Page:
Netanyahu: Israel to establish emergency fund for critical industries

Consultations on the matter are being held between different government ministries, including the Finance Ministry, Ministry of Economy, the governor of the Bank of Israel, and the Prime Minister.

Prime Minister Benjamin Netanyahu discusses the impact of coronavirus with representatives from the Finance Ministry, March 5, 2020 (photo credit: AMOS BEN-GERSHOM/GPO)
Prime Minister Benjamin Netanyahu discusses the impact of coronavirus with representatives from the Finance Ministry, March 5, 2020
(photo credit: AMOS BEN-GERSHOM/GPO)
Prime Minister Benjamin Netanyahu has tasked Finance Minister Moshe Kahlon with establishing an emergency fund by Sunday to support businesses deemed critical for the economy, as the novel coronavirus outbreak continues to impact industries nationwide.
“The good news is that the Israeli economy is in good shape, even very good shape,” Netanyahu said Thursday, prior to a meeting with senior financial leaders, including Kahlon, Economy Minister Eli Cohen and Bank of Israel Governor Amir Yaron.
“The bad news is that nobody knows how this epidemic will spread, where it will reach and how much it will cost in terms of the economy,” he said. “Therefore, we have been prepared for what has already happened and for what may happen.”
Netanyahu said the Finance Ministry will work with the Bank of Israel to offer financial tools to specific businesses in need. He also called on companies, owners and businesspeople to work together with relevant government authorities and obey Health Ministry instructions regarding the 14-day self-isolation of workers returning from abroad.
At the meeting, Manufacturers Association of Israel president Ron Tomer and Federation of Israeli Chambers of Commerce president Uriel Lynn called on Netanyahu to establish a “safety net” for Israeli businesses.
Local businesses have lost billions of shekels due to the quarantine of employees, lack of supplies, delivery delays and cancellation of flights, they said.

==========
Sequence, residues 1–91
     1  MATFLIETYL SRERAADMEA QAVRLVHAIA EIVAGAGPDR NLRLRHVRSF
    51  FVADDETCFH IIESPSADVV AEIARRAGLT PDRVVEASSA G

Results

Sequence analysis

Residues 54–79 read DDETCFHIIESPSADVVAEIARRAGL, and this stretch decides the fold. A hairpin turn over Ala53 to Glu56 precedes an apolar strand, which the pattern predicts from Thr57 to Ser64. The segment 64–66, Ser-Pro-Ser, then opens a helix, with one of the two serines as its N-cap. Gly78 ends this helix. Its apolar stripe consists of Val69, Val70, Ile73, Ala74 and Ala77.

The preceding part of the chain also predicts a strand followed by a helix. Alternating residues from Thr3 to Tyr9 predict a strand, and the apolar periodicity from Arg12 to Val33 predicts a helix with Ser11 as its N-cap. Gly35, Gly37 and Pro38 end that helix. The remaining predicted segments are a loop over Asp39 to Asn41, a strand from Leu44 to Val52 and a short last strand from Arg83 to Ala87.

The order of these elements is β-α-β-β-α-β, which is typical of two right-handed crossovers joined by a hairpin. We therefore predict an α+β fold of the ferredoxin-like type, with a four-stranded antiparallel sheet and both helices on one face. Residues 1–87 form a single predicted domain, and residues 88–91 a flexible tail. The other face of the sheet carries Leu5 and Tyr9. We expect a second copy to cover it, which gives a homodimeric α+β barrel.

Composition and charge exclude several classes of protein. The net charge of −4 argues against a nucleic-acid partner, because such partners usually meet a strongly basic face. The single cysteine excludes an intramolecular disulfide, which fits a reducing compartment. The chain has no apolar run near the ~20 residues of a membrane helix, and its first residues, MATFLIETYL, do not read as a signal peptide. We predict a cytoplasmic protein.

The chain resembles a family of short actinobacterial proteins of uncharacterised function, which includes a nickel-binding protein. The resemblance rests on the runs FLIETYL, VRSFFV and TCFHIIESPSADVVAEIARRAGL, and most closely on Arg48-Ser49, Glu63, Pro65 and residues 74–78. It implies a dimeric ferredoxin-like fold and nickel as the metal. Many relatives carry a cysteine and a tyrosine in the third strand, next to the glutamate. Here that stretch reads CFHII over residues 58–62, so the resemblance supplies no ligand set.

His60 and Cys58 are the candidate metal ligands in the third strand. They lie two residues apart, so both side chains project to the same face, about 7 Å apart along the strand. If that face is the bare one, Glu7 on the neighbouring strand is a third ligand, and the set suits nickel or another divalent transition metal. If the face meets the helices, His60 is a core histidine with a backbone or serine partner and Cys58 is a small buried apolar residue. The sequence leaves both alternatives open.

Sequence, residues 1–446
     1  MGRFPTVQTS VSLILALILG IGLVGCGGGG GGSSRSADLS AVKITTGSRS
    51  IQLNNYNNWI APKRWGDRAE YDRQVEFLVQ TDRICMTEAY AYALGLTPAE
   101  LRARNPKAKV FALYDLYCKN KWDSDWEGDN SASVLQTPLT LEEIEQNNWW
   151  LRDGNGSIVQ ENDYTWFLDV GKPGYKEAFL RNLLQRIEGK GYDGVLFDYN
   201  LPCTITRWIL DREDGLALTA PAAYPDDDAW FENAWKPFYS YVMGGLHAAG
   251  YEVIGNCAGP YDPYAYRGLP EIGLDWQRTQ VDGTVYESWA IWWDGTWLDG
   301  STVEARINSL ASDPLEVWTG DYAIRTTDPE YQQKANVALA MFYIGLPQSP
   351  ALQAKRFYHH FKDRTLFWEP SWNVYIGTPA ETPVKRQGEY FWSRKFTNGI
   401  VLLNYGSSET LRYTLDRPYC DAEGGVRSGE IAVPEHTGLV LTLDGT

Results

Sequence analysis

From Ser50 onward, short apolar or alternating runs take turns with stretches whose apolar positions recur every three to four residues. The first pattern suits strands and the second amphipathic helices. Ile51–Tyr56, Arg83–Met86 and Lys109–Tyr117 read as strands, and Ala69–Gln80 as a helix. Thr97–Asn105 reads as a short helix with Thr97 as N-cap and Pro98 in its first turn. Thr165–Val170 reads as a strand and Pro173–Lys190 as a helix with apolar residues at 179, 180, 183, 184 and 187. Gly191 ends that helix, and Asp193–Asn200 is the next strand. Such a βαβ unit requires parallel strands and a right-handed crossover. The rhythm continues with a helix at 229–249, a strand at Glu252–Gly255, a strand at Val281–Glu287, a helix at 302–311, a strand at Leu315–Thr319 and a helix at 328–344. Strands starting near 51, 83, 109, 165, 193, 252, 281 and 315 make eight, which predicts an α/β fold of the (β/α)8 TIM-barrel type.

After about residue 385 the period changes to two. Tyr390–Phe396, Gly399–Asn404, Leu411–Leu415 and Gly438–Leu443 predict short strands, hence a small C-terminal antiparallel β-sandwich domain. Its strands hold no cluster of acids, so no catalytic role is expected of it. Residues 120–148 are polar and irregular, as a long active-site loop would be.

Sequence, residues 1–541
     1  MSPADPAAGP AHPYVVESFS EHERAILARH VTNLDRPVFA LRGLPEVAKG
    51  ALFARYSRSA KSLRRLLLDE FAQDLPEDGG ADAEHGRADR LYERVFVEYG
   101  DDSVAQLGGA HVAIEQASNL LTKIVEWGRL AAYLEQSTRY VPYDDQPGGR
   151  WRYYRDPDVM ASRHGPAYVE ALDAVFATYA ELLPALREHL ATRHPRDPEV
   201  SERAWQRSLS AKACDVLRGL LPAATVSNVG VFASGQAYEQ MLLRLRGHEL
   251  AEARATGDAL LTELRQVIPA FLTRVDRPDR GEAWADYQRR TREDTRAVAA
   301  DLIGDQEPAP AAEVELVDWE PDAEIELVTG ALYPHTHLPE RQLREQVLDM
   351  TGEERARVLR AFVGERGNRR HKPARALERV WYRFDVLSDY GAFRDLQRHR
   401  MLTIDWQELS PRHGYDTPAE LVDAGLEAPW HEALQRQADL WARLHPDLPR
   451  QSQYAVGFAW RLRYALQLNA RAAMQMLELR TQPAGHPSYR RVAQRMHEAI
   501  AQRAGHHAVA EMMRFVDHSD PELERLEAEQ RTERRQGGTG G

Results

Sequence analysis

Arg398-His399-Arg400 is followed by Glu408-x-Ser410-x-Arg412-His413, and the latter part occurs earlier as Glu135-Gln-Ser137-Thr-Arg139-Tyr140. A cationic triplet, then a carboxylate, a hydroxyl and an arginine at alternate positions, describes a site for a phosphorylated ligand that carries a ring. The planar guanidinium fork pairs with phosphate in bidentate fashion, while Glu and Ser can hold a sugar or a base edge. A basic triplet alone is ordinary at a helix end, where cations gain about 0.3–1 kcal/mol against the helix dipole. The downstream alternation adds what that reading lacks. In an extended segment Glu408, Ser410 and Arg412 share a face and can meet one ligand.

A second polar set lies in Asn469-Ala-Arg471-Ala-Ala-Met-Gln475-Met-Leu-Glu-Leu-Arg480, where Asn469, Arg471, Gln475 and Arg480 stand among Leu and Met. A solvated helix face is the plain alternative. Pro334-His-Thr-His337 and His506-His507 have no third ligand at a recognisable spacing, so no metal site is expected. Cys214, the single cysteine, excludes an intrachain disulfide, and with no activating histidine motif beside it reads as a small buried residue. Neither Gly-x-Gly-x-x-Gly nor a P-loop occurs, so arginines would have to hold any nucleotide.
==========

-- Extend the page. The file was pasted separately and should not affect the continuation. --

One sector struggling under the weight of the outbreak is the aviation industry, with further flight cancellations to and from Israel announced on Thursday.
Following additional limits on movement announced by the Health Ministry for individuals arriving from Austria, Germany, Spain, France, Switzerland and Italy on Wednesday, German airline Lufthansa and subsidiaries Swiss Air Lines, Austrian Airlines and Brussels Airlines announced they would halt flights for three weeks, commencing Sunday.
Air France-KLM canceled all flights on Thursday and Friday, and Italian airline Alitalia will now only operate one flight per day to Israel instead of five.
In a filing to the Tel Aviv Stock Exchange on Thursday morning, El Al said the expanded travel restrictions implemented by the Health Ministry were likely to “further harm its revenues and financial results.” The airline said it was unable to assess the extent of the impact.
El Al announced on Wednesday it intends to lay off 1,000 permanent and temporary staff, almost one-sixth of its workforce, in the coming days as part of a series of cost-cutting measures implemented to “ensure the future” of the company. El Al executives and directors will have a 20% wage cut, taking effect retroactively since March 1.
The Israeli flag carrier said last week it expects revenues to drop by $50 million to $70m. between January and April due to the outbreak, resulting from a “significant drop” in demand and wide-ranging travel restrictions imposed by the Health Ministry.
The Civil Aviation Authority revised its estimate for footfall through Israeli airports during 2020, expecting passenger numbers to decline from 25.5 million to approximately 24 million.
Netanyahu condemned the behavior of the Maccabi Tel Aviv Basketball Club, which disregarded Health Ministry instructions by playing a Euroleague home game on Wednesday night against Turkey’s Anadolu Efes SK less than two weeks after returning from Spain, one of 13 countries now subject to the self-isolation order.
In a separate meeting on Thursday, senior officials from the Finance Ministry, Bank of Israel and the Israel Securities Authority gathered to conduct a revised situational assessment.
The economy is “strong and stable,” and the coronavirus had not caused “substantial harm,” they said in a statement. Daily assessments would be carried out, especially given additional measures announced on Wednesday to contain the outbreak, they added.